It was expected to create thousands of jobs in northern Alberta and cause significant — and in some cases irreversible — harm to an area more than twice the size of Vancouver.
But it was the projected 4.1 million tonnes of greenhouse gas emissions each year that set off alarm bells for those concerned about the climate crisis.
Nevertheless, the joint federal-provincial review panel concluded last summer that the economic benefits of the project outweighed the expected environmental impacts.
Still, Teck’s decision came as a surprise to some, especially after the company said Friday that it would take a $1.1-billion hit if the federal government rejected the project.
Richard Masson, a fellow at the University of Calgary’s School of Public Policy, who has extensive experience in the development of oilsands projects, said it’s “stunning that they pulled away at this late hour” and it doesn’t bode well for Canada’s resource industries.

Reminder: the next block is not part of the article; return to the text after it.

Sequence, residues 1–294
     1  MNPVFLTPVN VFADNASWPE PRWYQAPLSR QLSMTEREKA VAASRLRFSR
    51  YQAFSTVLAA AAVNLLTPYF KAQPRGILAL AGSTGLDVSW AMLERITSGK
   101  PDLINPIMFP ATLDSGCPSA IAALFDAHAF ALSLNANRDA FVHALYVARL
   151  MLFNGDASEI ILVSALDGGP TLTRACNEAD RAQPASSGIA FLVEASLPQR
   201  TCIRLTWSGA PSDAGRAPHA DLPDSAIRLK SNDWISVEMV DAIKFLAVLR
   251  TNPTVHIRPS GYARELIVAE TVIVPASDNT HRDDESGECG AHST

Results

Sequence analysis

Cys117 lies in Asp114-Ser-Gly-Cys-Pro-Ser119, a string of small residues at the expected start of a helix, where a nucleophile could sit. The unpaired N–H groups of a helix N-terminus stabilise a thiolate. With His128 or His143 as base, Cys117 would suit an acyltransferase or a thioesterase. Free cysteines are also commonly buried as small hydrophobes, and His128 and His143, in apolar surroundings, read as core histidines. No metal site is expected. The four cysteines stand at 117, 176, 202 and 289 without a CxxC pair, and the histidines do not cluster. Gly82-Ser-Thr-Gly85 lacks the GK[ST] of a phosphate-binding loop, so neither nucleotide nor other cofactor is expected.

“It sends a very, very strong and negative message about investment in Canada's resource sector,” he said.
Masson said he “firmly believes” that the project had the potential to one day be economically viable, given ongoing improvements to cost structures and technology.
“To not even get that approval, you know, that really says they just didn't see any kind of future for it and ... not because of the economics, I think, but more because of the politics around all of this,” he said.
“When you have uncertainty around whether the government’s going to be supportive, whether the people of the country are going to be supportive, you raise the level of risk for a company making a decision, and they have lots of places in the world to put their capital,” he explained.